While they have been colleagues at the central office for years, Eastwood first met Whitaker decades earlier. Whitaker interviewed her while doing a case study on inclusion for special education students.
“When I went in to be interviewed, she was open and very kind, of course no judgment,” Eastwood said. “She just had a way of putting you at ease. ‘Here’s what I’m doing and why I’m doing it.’ ”
Eastwood said Whitaker has always had the supportiveness and compassion that’s displayed in her job.
“It might not be the prettiest thing, but she’s there and will help you work through it,” Eastwood said. “Whether it’s an issue you’re are dealing with in your work life, professional life or your family life.”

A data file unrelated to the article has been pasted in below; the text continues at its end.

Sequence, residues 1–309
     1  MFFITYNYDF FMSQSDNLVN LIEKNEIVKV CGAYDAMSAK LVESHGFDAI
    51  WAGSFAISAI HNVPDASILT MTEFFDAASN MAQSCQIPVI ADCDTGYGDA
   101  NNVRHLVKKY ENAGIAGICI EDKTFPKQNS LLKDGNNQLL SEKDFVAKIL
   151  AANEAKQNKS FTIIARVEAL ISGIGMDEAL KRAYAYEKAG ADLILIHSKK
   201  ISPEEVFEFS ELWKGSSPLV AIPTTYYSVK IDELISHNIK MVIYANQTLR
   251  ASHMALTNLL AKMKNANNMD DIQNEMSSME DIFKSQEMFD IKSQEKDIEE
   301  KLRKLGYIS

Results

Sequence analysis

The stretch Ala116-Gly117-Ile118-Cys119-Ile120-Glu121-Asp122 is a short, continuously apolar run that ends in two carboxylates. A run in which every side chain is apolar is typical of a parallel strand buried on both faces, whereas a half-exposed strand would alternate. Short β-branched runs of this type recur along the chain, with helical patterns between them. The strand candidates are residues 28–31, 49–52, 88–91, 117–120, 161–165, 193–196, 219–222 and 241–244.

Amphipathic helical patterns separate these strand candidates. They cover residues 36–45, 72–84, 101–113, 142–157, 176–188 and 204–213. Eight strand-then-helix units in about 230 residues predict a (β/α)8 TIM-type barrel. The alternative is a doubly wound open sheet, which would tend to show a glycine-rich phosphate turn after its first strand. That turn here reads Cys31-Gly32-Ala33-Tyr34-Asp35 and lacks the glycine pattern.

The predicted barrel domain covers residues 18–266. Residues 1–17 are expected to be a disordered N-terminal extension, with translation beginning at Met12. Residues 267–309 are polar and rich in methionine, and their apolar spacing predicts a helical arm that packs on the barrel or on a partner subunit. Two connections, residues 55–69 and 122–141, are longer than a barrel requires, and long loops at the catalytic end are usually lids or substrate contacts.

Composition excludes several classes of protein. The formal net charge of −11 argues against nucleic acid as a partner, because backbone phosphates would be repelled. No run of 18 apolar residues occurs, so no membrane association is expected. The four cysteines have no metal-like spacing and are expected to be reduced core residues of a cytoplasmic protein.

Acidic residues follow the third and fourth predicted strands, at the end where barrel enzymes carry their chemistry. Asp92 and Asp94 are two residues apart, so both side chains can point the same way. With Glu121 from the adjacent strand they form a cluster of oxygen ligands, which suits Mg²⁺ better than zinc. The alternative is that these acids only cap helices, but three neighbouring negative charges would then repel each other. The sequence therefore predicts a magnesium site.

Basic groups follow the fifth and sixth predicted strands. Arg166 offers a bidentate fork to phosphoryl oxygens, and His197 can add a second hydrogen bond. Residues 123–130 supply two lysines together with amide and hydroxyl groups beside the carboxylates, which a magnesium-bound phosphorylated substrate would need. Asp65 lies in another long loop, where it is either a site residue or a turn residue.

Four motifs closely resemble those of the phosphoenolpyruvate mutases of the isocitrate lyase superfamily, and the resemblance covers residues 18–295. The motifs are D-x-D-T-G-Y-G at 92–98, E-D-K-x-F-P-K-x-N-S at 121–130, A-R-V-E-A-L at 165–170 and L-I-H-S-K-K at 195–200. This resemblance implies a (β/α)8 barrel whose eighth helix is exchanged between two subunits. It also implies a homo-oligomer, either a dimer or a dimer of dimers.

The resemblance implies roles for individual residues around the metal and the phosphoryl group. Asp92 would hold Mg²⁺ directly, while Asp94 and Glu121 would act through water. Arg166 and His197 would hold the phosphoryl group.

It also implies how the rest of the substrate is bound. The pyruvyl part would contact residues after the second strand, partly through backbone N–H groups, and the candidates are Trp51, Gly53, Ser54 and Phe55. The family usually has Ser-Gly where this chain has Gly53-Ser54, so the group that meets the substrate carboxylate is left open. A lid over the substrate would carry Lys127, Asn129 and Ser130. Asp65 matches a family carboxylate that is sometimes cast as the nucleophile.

Eastwood said Whitaker set an example she intends to follow as she leads the department in a time of change with no shortage of challenges.
Strangely, Whitaker said those challenges might be what she misses the most, outside of the people she’s worked with for almost two decades.
“I’m probably crazy for saying this — the staffing, which is extremely complicated,” Whitaker said. “It’s this huge puzzle you’re trying to solve.”
After 30 years in public education, Whitaker is trading those puzzles for more time with her family.
She said now was the right time to retire, joining her husband who did so five years ago. They plan to travel and spend more time with their five grandchildren, beginning this weekend when they visit.
“Family is everything,” Whitaker said, explaining that’s something she often tells people who come to her office. “Family always comes first.”